London: The Sultanate achieved a better overall assessment in the Global Food Security Index (GFSI) in 2018, according to the British Economist's report entitled Building Resilience to Conflict through Food-Security Policies and Programs, recording (74.4) points out of (100) points compared to (73.9) points in 2017, up by (0.5) points. The Sultanate ranked third in the Gulf Cooperation Council (GCC) and Arab level and (29th) at the global level.
The report pointed out that despite the decline of the Sultanate's ranking to 29th position after it was ranked 28th in 2017, but it got a better assessment during 2018. The Sultanate remained at the sixth place at the GCC and Arab levels in the criterion of access to food. It remained at the same rank of 2017, which was 33rd globally.
In the Food Availability Standard, the Sultanate ranked first among the GCC and Arab countries to maintain the same regional ranking for 2017 while the global ranking of this standard dropped from 21 in 2017 to 22 in 2018. However, the rate of assessment of this component increased by 1.1 point, rising from 75.3 points in 2017, to 76.4 points in 2018.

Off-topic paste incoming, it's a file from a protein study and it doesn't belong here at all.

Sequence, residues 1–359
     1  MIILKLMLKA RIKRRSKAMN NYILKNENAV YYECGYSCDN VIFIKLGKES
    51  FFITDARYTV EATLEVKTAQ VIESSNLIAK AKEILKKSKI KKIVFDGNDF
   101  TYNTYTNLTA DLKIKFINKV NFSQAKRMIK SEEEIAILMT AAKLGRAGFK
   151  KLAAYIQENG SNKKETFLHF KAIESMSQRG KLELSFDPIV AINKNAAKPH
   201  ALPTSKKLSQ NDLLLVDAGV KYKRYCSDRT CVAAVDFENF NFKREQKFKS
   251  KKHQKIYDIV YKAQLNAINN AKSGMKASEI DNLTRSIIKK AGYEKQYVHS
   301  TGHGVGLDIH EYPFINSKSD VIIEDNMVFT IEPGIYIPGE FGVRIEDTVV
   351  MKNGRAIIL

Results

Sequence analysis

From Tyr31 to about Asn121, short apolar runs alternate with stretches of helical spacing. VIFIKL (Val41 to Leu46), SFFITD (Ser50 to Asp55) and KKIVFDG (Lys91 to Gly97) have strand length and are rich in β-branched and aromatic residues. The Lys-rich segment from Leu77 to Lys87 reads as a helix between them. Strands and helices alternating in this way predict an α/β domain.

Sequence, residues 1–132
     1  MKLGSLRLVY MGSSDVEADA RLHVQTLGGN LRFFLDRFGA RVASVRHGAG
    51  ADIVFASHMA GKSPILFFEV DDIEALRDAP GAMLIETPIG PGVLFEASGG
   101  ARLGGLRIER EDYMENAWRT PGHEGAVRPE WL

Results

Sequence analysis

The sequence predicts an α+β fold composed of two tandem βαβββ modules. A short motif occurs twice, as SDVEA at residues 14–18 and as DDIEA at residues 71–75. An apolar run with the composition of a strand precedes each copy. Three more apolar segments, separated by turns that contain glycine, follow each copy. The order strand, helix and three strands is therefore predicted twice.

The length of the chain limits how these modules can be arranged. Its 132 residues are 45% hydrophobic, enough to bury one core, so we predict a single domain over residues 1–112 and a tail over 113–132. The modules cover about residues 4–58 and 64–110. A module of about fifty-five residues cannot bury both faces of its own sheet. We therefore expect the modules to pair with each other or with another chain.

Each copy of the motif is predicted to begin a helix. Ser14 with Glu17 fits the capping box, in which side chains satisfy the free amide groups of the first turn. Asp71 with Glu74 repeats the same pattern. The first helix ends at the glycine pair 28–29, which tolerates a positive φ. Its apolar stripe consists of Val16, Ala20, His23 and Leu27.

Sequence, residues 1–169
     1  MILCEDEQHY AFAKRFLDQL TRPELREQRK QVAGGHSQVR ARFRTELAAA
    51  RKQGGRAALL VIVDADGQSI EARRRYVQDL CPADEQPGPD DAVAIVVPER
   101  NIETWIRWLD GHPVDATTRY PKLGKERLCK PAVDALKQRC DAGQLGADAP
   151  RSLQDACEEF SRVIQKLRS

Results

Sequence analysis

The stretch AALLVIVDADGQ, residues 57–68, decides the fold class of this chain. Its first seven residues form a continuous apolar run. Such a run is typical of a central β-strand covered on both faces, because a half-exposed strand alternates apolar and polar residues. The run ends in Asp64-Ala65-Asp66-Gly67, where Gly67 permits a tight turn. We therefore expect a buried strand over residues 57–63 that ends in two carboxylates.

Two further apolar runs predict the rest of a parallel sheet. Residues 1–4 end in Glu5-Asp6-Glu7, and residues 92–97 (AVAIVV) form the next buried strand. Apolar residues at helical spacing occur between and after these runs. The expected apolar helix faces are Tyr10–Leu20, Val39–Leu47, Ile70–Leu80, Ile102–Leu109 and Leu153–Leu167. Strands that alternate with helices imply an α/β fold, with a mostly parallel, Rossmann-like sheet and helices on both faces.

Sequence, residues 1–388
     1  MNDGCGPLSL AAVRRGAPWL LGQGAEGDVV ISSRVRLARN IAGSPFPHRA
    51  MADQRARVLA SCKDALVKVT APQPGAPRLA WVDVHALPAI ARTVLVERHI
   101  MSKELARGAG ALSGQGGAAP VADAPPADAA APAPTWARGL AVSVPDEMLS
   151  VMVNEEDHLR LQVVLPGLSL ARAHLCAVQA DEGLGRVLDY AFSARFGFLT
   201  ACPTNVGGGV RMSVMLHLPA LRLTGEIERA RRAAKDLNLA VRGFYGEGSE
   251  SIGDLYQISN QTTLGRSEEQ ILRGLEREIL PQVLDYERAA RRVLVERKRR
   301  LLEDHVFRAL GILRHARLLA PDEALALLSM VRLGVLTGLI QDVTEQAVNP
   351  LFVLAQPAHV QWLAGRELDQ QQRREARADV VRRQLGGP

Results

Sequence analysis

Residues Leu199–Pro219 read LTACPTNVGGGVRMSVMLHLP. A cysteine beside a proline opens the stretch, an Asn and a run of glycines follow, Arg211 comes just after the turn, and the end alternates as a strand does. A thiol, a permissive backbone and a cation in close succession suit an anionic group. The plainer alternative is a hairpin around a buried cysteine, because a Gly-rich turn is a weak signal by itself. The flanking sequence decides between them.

In the Food Safety and Quality Standard, the Sultanate globally advanced to the 34th after it was 35th in 2017. Despite this progress, the assessment rate slightly decreased by 1.1 points, dropping to 71.8 points in 2018. The Sultanate advanced at the Arab and GCC levels to the second place after Qatar. It was in the 3rd rank at the regional level.
As for Natural Resources and Resilience standard, the Sultanate ranked (107), tied with Saudi Arabia, falling from 106 in 2017. Its assessment decreased by 1.6 point compared to 2017, to end up to 46.9 points. On the regional level at the GCC and Arab levels, the Sultanate advanced from 4th to 3rd place after Kuwait and Qatar respectively.
The index is based on evaluation criteria derived from elements of the universally adopted concept of food security, namely accessibility, food availability, food quality and safety, and natural resources and resilience.
Singapore ranked first in the world, followed by Ireland in the second place, the United Kingdom in the third place, the United States of America in the fourth place and the Netherlands in the fifth place.
Singapore ranked first among 113 countries in the world, including the GCC countries, due to being a high-income country with an increase in the per capita gross domestic product (GDP) of about 30 per cent since 2012. It is the second best country in the household expenditure on food after the United States of America.
The report confirmed that global food prices have become relatively stable.